I’ve been getting Tom Davis‘ highly involved emails about the uncertainty surrounding what will happen with the lieutenant governor position if Henry McMaster becomes governor, but I confess I found them a bit dense and confusing, and didn’t read them all the way through.
So I didn’t fully focus on what he was on about until today, when Cindi Scoppe wrote about the issue, and ran excerpts from Tom’s recent speech on the matter.
Really, really simplifying it, Tom has two issues:
- He wants the Supreme Court to clarify a mess created by the General Assembly. Voters wisely decided several years back that we would, starting in 2018, elect the governor and lieutenant governor together. In the past, if there’s a vacancy in the lt. gov. position between elections, the president pro tem of the Senate becomes Gov Lite. After 2018, if there’s a sudden vacancy, the governor will be empowered to appoint a new lt. Unfortunately, the language lawmakers passed to go into the state constitution after the vote failed to specify that the governor wouldn’t have that appointive power until 2018, leaving it open to the interpretation that the governor has that power now.
- He wants Hugh Leatherman, who as Senate president pro tem is arguably the most powerful person in state government, to take the gov lite job, which is worth even less than the bucket of warm spit at which vice presidency is valued. Leatherman, quite understandably, isn’t even slightly interested in giving up the Senate post he’s spent his political career rising to.
I’m with Sen. Davis on the first point — the succession needs to be cleared up. Trying to follow what the law exactly is at this moment sort of makes my head hurt.
I’m not with him on the second. If the succession is done the old way, and Leatherman resigns temporarily from the pro tem position so someone else can have it long enough to become lieutenant governor, and he can then summon the votes to become pro tem again, well, more power to him. (Too much power, Sen. Shane Massey would say, but I say it’s up to the senators to decide whether they want their Finance chairman to be pro tem.)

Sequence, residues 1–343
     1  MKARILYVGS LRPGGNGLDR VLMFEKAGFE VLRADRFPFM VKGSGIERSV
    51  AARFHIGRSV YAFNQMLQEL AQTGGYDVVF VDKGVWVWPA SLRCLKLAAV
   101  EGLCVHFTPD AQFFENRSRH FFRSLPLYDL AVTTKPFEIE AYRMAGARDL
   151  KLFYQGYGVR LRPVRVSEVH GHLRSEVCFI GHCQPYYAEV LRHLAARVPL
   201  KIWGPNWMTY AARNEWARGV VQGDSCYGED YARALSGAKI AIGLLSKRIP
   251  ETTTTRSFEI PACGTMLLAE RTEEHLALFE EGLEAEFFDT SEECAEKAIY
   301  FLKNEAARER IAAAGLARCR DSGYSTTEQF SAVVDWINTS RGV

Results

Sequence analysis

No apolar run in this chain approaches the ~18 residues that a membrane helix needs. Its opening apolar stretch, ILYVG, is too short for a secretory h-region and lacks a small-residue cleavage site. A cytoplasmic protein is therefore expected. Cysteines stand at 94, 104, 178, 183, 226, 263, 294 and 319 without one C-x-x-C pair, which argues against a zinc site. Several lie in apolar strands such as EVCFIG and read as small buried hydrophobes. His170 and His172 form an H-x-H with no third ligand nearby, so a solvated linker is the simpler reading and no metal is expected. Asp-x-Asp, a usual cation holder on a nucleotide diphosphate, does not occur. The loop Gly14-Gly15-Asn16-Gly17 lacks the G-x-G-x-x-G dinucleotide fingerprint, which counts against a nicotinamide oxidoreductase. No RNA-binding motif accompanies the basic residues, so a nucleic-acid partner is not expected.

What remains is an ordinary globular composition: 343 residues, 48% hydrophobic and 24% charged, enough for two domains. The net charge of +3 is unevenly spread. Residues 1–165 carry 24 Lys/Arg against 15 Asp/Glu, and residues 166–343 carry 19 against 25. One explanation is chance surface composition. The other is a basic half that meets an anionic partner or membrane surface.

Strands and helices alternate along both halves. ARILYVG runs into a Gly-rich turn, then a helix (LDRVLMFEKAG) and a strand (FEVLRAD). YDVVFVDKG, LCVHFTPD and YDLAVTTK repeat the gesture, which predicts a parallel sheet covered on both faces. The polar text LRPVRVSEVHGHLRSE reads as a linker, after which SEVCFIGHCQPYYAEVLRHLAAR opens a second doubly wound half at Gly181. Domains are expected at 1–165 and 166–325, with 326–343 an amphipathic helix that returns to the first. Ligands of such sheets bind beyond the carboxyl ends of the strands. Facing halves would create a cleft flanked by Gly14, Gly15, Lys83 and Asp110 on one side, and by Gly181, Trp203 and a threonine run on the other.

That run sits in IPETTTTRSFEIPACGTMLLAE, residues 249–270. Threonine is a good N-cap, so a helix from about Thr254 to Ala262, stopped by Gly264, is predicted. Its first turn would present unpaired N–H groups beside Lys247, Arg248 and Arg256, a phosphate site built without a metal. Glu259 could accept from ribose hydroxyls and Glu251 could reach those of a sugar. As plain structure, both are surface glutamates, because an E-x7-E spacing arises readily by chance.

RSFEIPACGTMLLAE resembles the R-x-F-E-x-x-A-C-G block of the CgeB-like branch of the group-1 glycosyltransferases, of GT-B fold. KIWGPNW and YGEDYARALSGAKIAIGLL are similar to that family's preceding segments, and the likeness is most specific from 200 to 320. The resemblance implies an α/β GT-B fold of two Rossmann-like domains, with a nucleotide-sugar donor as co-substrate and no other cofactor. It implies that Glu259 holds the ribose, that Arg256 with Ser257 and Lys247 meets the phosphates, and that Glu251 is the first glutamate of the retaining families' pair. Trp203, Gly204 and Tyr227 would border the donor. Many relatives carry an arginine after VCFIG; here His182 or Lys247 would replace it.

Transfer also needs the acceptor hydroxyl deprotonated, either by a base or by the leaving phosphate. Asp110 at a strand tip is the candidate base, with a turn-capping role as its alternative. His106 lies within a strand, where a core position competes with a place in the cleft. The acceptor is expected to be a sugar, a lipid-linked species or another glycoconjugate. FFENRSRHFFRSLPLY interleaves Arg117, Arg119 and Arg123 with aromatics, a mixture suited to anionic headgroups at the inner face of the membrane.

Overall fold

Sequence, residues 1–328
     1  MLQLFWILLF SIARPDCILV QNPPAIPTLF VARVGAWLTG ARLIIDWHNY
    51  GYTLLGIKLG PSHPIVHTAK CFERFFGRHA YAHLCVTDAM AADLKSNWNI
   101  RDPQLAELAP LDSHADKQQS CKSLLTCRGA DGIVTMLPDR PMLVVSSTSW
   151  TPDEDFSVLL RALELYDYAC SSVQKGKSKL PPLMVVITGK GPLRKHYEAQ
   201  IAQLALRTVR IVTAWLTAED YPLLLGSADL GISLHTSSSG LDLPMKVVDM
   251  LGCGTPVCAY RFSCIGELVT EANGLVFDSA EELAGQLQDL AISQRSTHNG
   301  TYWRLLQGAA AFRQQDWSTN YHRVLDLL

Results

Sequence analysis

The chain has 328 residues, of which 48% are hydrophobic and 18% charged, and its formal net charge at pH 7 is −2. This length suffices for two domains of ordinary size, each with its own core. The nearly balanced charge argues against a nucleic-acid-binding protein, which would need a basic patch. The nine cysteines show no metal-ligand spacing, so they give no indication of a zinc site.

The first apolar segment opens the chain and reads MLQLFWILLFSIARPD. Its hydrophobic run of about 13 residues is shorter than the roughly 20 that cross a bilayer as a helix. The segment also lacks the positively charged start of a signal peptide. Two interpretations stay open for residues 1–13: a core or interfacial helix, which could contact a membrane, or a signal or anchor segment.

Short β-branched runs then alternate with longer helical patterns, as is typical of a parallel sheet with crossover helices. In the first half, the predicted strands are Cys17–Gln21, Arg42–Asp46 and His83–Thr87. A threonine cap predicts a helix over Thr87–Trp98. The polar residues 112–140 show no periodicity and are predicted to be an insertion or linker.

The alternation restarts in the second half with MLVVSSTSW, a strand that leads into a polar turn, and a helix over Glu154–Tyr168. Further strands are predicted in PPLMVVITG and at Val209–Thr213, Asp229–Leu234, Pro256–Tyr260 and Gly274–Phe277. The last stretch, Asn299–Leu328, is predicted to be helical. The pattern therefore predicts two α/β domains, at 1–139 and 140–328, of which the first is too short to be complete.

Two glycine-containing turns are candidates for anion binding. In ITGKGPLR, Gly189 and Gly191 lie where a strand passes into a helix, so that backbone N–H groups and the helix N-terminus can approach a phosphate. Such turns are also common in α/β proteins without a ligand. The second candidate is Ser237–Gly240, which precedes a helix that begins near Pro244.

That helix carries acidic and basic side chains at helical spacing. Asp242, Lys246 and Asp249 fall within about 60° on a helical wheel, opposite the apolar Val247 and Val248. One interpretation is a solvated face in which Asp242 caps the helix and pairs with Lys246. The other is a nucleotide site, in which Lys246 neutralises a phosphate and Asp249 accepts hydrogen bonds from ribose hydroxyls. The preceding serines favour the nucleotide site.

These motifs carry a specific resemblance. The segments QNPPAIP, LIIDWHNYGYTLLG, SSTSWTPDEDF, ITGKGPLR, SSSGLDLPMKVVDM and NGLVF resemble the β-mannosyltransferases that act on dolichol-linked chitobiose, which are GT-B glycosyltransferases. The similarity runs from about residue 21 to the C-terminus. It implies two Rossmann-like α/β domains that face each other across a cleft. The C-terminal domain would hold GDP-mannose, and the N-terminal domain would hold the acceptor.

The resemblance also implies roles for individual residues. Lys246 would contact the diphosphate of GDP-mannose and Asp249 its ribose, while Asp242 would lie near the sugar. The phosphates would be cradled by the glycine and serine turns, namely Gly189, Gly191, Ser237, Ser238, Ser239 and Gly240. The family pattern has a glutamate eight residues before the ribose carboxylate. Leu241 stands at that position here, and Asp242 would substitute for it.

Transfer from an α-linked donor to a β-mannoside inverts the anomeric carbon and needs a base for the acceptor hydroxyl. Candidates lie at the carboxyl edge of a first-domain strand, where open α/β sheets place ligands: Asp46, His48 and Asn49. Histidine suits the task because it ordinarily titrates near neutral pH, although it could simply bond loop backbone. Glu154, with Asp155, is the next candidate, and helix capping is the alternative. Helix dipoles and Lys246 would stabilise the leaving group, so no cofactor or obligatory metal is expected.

Yeah, if the Court says it still works that way, the pro tem must become gov lite. But that doesn’t specify which pro tem. As we saw just a couple of years back, even if one just became pro tem five minutes ago, you’re the one who becomes lt. gov.
That time around, John Courson didn’t have the votes to quit for a few minutes and be re-elected. From what I hear, Leatherman does.
Yes, technically — if the Court rules that way — being pro tem entails becoming lt. gov. if there’s a vacancy. And Tom Davis seems to believe — as did Glenn McConnell — that this is some sort of sacred covenant that is somehow central to being pro tem. That seems a bit … off to me. I honor McConnell for following his conscience on that, but I’m just not entirely sure that he had the deep, moral obligation that he thought he did.
The voters of Florence County elected Leatherman to be their senator, not to be the lieutenant governor. His Senate colleagues chose him to be their leader, not to be lieutenant governor.
That the job of pro tem contains this condition of suddenly being demoted from the sublime heights to the lower depths of state officialdom, due to circumstances beyond one’s control, seems like a goofy, arbitrary penalty in a particularly capricious game. It’s like landing on Community Chest in Monopoly and getting a card that sends you straight to jail. It’s like an American-Ninja-style reality TV show in which, due to no failing on your part, a trap door suddenly opens under you and you fall into a vat of ice water. It does NOT seem like a provision drafted because it’s a sensible way to run a government. (I think succession laws make eminent sense — when it’s a matter of a promotion, like vice president to president. But this sudden penalty provision seems goofy.)